# Memorize Addition and Subtraction Math facts?

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How should I teach my son to memorize addition and subtraction math facts? When should I start before he starts addition in Singapore math essentials kindergarten B or after? Any programs, cds or mnemonic devices that I should consider? :confused:

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I don't know anything about Singapore math, but what I do with my kids is just get some coins and practice adding and subtracting with them. I think it's easier for them to get it when they see what is being added and subtracted. My kids think it's fun. Later they can see it written out.

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I'm wondering that too. I think I'm going to start soon. I saw addition and subtraction flashcards in the dollar section of Target the other day.

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Repetition through the first and second grade years. In K, you could do games, but I wouldn't drill too hard. In K, you just introduce the concept of addition and subtraction.

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How should I teach my son to memorize addition and subtraction math facts? When should I start before he starts addition in Singapore math essentials kindergarten B or after? Any programs, cds or mnemonic devices that I should consider? :confused:

I don't think so. Singapore Math teaches "mental math" strategies for doing quick computing in ones head. IMO it is better to walk-through/talk-through those strategies (making sure they are understood) rather than short-circuiting the process through "memorization." Sooner or later "memorization" is ineffective because the numbers get too large. But the skills of doing mental math are "scaleable" to increasingly large numbers.

Quick recall comes with practice, work, and a real understanding of the computations. This is better than rote memorization IMO.

Bill

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Quick recall comes with practice, work, and a real understanding of the computations. This is better than rote memorization IMO.

:iagree:Practice, not memorization.

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I agree Practice will eventually help them memorise,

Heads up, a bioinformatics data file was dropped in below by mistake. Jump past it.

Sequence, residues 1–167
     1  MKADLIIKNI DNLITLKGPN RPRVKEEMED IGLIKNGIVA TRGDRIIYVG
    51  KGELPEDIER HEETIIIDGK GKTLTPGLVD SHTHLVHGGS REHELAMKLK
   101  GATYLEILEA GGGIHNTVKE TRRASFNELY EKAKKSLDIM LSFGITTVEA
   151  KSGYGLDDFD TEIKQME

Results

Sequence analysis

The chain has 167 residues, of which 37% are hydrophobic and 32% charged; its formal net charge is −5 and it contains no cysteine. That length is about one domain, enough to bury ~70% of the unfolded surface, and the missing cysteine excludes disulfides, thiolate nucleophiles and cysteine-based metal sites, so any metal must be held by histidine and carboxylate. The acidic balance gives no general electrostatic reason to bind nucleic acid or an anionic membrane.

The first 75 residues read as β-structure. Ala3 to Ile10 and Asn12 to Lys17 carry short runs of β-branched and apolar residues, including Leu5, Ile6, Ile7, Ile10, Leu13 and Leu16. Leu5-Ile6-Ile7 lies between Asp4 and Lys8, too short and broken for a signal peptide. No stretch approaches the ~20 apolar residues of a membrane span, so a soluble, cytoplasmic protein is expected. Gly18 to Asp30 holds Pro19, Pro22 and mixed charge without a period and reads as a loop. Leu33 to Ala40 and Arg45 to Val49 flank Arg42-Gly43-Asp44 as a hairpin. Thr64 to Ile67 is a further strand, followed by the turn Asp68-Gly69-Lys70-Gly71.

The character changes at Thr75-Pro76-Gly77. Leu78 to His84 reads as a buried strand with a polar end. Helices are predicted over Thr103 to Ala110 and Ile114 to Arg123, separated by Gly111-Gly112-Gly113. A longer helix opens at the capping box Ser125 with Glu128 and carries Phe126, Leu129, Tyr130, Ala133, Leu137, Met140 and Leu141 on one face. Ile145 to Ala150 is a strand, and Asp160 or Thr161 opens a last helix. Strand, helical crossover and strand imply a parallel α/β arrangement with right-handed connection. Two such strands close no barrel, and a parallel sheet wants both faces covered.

BUT, in PS where my son goes (2nd garder) they administer Timed drills, they have to answer atleast 30 out of 50, in 1 Minute. For which they have to memorise their facts.. I hate it though..Kids should have their concepts clear , not sure why they are advocating memorisation of Add/Subtract facts ..:confused:

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I agree Practice will eventually help them memorise,

BUT, in PS where my son goes (2nd garder) they administer Timed drills, they have to answer atleast 30 out of 50, in 1 Minute. For which they have to memorise their facts.. I hate it though..Kids should have their concepts clear , not sure why they are advocating memorisation of Add/Subtract facts ..:confused:

While I'm certainly no fan of mad math minutes, I think that they are advocating knowing the math facts for immediate recall. Whether the facts were learned via practice or rote memorization is another question entirely, IMO. I don't see the timed test as a method of helping them memorize. Actually, it's a method of practice, with the unfortunate involvement of the clock. (Does this make any sense?)

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I don't think so. Singapore Math teaches "mental math" strategies for doing quick computing in ones head. IMO it is better to walk-through/talk-through those strategies (making sure they are understood) rather than short-circuiting the process through "memorization." Sooner or later "memorization" is ineffective because the numbers get too large. But the skills of doing mental math are "scaleable" to increasingly large numbers.

Quick recall comes with practice, work, and a real understanding of the computations. This is better than rote memorization IMO.

Bill

:iagree:

I wait until my dc have that automatic recall of the basic facts before moving on, but I don't "drill and kill" by any means. There are too many better options.